The Forgiving Life demonstrates that Dr. Enright, as a preeminent forgiveness scholar (Time Magazine designated him "the forgiveness trailblazer"), has thought about the subject from near every angle, but importantly in terms practical application. Ultimately, The Forgiving Life is a "how-to" guide for developing a muscle that does require attention in order to function. Dr. Enright suggests "Think of this book as your fitness guide and I as one of your gym instructors. To which chapter would you like to turn as a way of increasing your strength, endurance, and happiness? If your will is strong enough to continue, I will help you develop your legacy."
In my practice as a family law attorney and mediator, I find the biggest hurdle to resolution is people's dogged insistence on remaining invested in the outrage about the perceived and real abuses inflicted upon them by their trusted partners. Yet, who would they be without these stories of victimhood? For some attorneys, particularly those who trumpet their aggressiveness, that rage and hurt are their honey wine and fuel their income stream; resentment is indeed seductive, and even 'profitable'.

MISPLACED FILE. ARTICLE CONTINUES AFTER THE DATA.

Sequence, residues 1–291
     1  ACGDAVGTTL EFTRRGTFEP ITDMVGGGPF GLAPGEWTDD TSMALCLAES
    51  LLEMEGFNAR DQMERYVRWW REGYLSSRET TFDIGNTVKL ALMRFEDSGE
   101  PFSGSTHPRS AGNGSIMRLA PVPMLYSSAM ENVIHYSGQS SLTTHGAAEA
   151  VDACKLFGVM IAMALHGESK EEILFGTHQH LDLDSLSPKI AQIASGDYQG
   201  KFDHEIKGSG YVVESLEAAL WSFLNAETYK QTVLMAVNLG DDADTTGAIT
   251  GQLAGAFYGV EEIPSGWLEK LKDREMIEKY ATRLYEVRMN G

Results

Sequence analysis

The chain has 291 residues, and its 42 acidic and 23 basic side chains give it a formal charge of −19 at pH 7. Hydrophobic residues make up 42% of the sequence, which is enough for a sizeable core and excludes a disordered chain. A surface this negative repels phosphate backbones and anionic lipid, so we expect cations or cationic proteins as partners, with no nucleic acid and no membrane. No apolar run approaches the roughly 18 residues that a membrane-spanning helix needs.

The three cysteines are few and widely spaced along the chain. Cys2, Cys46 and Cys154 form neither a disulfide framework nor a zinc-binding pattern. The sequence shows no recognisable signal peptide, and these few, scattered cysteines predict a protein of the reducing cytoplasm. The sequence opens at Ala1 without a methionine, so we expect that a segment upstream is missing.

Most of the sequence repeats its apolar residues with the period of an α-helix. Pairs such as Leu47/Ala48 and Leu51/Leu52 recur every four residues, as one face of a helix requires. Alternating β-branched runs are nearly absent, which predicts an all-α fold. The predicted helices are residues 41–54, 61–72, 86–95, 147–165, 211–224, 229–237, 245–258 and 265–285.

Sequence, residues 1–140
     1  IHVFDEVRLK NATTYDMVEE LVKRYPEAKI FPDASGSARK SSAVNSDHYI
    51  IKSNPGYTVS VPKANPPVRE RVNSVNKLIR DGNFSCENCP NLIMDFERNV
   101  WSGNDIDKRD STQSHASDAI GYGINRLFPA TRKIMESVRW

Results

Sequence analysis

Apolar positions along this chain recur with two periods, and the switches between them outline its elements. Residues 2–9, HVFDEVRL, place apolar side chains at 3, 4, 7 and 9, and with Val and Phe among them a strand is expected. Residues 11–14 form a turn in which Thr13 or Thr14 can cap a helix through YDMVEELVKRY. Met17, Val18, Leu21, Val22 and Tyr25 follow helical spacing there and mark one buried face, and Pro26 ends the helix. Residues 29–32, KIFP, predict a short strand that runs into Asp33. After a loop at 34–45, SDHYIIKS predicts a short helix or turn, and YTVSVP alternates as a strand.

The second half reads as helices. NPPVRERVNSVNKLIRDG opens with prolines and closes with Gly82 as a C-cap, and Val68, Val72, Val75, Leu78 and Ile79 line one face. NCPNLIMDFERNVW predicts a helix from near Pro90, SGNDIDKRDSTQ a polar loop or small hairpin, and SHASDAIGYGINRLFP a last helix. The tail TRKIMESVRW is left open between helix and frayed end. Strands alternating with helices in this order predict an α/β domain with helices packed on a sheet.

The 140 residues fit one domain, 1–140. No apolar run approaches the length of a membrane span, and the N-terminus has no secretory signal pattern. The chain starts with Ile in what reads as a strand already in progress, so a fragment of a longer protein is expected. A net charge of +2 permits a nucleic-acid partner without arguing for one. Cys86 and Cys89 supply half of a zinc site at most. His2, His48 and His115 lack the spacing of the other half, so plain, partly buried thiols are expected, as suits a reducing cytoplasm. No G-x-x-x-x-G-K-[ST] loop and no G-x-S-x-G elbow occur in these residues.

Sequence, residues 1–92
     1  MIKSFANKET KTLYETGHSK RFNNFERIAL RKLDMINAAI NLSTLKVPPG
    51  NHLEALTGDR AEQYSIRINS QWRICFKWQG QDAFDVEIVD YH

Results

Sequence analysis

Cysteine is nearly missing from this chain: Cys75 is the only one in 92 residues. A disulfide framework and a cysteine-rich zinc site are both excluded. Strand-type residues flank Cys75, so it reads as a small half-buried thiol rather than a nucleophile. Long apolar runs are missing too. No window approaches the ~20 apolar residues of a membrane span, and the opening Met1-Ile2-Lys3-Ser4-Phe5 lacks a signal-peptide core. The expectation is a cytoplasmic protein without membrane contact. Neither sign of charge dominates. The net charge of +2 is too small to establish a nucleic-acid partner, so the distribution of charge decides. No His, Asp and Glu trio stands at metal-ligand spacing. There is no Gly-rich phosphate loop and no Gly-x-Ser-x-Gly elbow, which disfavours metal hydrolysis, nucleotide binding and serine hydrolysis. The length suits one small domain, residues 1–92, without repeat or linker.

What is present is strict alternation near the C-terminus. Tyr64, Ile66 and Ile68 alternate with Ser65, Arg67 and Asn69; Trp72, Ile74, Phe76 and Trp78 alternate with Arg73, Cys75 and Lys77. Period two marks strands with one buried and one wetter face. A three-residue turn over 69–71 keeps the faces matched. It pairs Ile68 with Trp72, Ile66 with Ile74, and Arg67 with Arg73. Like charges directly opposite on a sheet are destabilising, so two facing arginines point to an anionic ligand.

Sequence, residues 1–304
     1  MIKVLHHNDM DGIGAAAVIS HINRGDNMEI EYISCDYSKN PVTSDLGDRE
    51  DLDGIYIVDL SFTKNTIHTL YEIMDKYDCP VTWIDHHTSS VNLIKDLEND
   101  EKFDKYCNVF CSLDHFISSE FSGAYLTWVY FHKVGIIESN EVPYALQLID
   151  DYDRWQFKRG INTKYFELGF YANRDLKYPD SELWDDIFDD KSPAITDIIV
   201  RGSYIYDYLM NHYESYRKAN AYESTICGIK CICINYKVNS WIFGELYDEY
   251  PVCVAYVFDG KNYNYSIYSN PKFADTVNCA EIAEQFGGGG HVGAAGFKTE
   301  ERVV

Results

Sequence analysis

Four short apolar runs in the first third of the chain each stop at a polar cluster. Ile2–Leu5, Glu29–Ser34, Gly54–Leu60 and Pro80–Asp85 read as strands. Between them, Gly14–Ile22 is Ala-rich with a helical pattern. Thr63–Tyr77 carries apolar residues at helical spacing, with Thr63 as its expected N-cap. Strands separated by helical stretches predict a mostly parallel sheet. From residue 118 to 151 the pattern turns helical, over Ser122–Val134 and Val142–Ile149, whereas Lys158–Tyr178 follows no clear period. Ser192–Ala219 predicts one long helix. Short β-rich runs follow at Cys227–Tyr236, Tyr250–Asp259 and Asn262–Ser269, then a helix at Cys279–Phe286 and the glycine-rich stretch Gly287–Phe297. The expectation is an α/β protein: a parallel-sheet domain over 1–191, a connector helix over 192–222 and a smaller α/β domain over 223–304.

Yet for the parties themselves, not to mention their children who pass on the legacy of dysfunction achieved by their parents, hurt and rage are emotionally and financially devastating and there is nothing 'sweet' about it. Enright would have us set aside our bitter cups, and train ourselves to push the "reset" button again and again while managing our cases.
Why does this seem to be so hard? The trance of resentment is familiar and may even seem friendly. Extinguishing it threatens to upend who we think we are. The Forgiving Life reminds us though that that is but just one "story" - like so many others. It is only a slice of the truth, and you've likely noticed that it guarantees wider and unending conflicts.
Lawyers might find that this is a handy little book to have around the office to use as a tool for opening a dialogue with our clients about how to dial down their reactivity. But it is naive to imply that is an easy task (or that I've mastered it). There are so many hooks to get caught on. Which is a good reason for us to have this book lying around as a gentle reminder of how we might alter course, from time to time.
T.W. Arnold, III
P.S.: If any of the foregoing resonates for you, please visit the International Forgiveness Institute.